It’s slow-moving, however, I didn’t mind it because it was at the same time, a quick read. The scenes were put together beautifully. Each character held their own and was very rounded and believable. I enjoyed getting to know them and emphasized with most.

Before agreeing to read the book for a review, I read a review that stated this novel was just a commentary of the author’s rants on the success of businesses, loathing of America, etcetera. After reading, I disagree with that review. World-Mart brings me to mind of The Hunger Games, but better put together, and more realistic. And I enjoyed World-Mart a hundred percent more. I believe that it would make a good Lifetime series or even a mini-series. At the very least, I wouldn’t be too surprised should high school teachers one day decide to have their class read and study its contents for Literature. I enjoyed the ending, which saddened me, but at the same time left me wanting for more.

Still, although the story itself was five stars, there were some imperfections. There was quite a lot of telling, rather than showing, which at times put me off from reading. There were a few misspells and grammatical errors.

Leigh M. Lane followed up with Aftermath: Beyond World-Mart and its prequel, The Private Sector, both of which I would be eager to read.

Overall rate: 4 out of 5 stars.

Leigh M. Lane

“In addition to writing dark speculative fiction for over twenty-five

years, Leigh M. Lane has dabbled in fine arts, earned a black belt in karate, and sung lead and backup vocals for bands ranging from classic rock to the blues. She currently lives in the dusty outskirts of Sin City with her husband, an editor and educator, and one very spoiled cat.

Her published works include traditional Gothic horror novel Finding Poe; the World-Mart trilogy, a dystopian tribute to Orwell, Serling, and Vonnegut; and the dark allegorical tale, Myths of Gods.

Leigh also writes urban and mainstream horror as Lisa Lane: http://www.amazon.com/Lisa-Lane/e/B002BMI5S4.”

Connect with Leigh on her website.
http://www.cerebralwriter.com.

“How to Kill Your Senator” by @KaisyWMills & @jamesacourtney

The Dystopian Nation of City-State – “How to Kill Your Senator”

how-to-kill-your-senator &

A new short story from Courtney James and Kaisy Wilkerson-Mills, authors of our previously reviewed The Dystopian Nation of City-State: An Anthology: Origin, Corruption, and Rebellion. Read that review by wonderful Olga Núñez Miret here.

I read an early copy of this as a Beta-Reader and my Review at Amazon is based on that and what I say here will be as well.

The idea and handling of the idea was original. The main character is a man named Jackson who as the story opens has killed senators in the world the authors have created. As the story progresses Jackson is shown the true source of the political evil of his city. But can he face that?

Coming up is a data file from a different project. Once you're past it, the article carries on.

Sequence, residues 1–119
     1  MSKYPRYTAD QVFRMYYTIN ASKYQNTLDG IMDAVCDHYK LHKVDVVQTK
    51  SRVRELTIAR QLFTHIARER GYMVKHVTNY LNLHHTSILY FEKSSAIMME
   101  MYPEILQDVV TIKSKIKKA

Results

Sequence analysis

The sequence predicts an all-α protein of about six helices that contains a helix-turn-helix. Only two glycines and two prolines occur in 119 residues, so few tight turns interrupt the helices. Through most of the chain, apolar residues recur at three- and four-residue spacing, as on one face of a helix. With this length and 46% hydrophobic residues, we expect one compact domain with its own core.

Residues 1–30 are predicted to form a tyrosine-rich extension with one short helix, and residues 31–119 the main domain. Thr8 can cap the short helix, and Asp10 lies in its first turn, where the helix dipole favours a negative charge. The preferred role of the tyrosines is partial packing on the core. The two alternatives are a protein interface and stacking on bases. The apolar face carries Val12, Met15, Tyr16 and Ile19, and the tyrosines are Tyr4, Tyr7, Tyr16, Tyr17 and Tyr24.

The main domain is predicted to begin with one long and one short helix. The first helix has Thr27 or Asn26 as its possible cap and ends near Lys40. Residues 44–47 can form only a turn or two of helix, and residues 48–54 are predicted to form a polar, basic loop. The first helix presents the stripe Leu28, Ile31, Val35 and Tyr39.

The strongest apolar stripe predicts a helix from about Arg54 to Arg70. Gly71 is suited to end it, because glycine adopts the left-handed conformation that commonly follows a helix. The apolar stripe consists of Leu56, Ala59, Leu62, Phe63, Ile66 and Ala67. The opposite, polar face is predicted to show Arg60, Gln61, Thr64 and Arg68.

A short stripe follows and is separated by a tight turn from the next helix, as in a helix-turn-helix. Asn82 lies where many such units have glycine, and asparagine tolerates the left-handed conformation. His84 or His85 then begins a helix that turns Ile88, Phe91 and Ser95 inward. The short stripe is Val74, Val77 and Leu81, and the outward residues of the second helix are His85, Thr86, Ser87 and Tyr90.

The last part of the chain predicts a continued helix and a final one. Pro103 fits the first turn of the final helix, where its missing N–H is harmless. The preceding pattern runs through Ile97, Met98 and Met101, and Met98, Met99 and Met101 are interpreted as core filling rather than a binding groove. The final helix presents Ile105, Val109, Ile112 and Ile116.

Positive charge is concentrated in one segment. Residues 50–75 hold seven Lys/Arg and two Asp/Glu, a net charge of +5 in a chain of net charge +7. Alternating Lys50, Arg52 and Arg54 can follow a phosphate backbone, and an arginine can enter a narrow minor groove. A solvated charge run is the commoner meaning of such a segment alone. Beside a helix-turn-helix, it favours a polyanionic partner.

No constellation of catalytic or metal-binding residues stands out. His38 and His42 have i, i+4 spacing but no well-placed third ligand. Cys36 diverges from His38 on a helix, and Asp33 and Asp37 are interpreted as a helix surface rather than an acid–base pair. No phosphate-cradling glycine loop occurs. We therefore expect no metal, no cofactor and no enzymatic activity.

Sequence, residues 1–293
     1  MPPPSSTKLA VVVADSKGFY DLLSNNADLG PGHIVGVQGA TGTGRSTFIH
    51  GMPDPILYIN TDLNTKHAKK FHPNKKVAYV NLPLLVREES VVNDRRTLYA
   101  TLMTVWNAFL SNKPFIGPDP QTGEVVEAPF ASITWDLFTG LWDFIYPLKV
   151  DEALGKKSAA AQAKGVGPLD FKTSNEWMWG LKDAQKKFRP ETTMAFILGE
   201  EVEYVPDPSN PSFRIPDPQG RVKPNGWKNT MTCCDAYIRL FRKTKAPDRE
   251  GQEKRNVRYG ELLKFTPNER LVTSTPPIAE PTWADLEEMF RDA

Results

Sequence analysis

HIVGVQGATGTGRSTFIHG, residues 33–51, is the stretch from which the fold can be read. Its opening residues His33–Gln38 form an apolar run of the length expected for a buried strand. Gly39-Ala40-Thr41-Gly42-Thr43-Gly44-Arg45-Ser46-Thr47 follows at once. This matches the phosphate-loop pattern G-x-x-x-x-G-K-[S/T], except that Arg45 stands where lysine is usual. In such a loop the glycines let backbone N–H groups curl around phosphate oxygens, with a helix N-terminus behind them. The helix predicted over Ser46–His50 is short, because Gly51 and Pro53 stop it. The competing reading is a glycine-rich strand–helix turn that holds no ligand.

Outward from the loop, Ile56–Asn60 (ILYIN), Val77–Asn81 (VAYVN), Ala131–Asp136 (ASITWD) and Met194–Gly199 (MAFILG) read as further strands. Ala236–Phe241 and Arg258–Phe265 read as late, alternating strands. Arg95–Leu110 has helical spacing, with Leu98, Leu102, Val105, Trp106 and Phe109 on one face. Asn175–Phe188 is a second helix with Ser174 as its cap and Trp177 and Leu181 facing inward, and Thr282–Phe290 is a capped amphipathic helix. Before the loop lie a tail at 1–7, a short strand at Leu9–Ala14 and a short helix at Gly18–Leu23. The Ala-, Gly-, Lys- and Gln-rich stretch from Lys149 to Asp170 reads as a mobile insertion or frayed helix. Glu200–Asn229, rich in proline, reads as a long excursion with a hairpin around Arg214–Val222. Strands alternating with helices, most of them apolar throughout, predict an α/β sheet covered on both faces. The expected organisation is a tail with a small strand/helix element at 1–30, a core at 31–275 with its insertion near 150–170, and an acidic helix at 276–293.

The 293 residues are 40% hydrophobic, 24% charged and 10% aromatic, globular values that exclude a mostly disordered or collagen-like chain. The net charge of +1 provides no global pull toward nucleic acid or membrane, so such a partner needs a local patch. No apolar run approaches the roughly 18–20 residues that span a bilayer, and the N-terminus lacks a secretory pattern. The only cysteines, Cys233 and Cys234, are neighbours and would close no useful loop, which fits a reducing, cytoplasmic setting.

The authors lead you along and as you follow you realize where the story is going and what the message is, but the ending isn’t what you expect. maybe.

I gave the book a 3 out of 5 stars.

The story itself, the idea was a good one, but there was some stylistic elements that took away from my being able to really losing myself into the story. Just when I would be there I would be made aware of the writing. As I said, that was a beta copy I read, perhaps those elements have been addressed. If I get a chance to read a new version I will let you know. In truth it would be an interesting experience to see the after results of beta-reading.

Do I recommend this for a read at 3 stars?

If you have read the anthology and are interested in jumping on board a new world as it is created I think yes, read it. It’s .99 on Kindle. It does give depth to the world by telling a side story that shows you more of the world than one can always put into a regular novel.

You can visit the Dystopian Nation of City-State site here.

 

 

Ron_LWI

 

 

 

 

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Q&A Shannon A. Thompson of Take Me Tomorrow @ShanAshleeT23

takemetomorrowTake Me Tomorrow

Shannon A. Thompson

 

5.0 out of 5 stars  An exciting YA dystopian novel-Elaine Jeremiah
“This was an exciting, intriguing tale. In the dystopian world Sophia, her family and friends are living in, there is a war on between the State who control the various regions in this post-modern America and those who use and promote a clairvoyant drug.”

4.0 out of 5 starsEnticing, mysterious dystopian!-Jen @Star-Crossed Book Blog

“This was truly a unique read! I love my dystopian worlds and while some can blend together, that definitely wasn’t the case in Take Me Tomorrow. The elements of the storyline were enticing and the mystery of all of the unknowns kept me flying through the pages. The little hints of romance were innocently sweet and what blossomed from it left me smiling. And the ending of the book left me completely dismayed (but in a good way)! I can’t even start to imagine where they can all go from here!”

4.0 out of 5 stars A YA novel unafraid to address grown up issues-Allie Potts

“The book’s premise hooked me right away. Set in a realistic future featuring extreme immigration control and harsh anti-drug policies, a teenager named Sophia Gray’s sheltered world is turned upside down after a chance meeting with a stranger in the woods. This stranger has ties to a risky drug believed to provide users with the temporary ability to see everything all at once, including the future. While users are potentially endangering their own lives by using the drug, it is the government that is the most threatened by its existence. The novel asks you to answer the question, what is more important security or freedom?”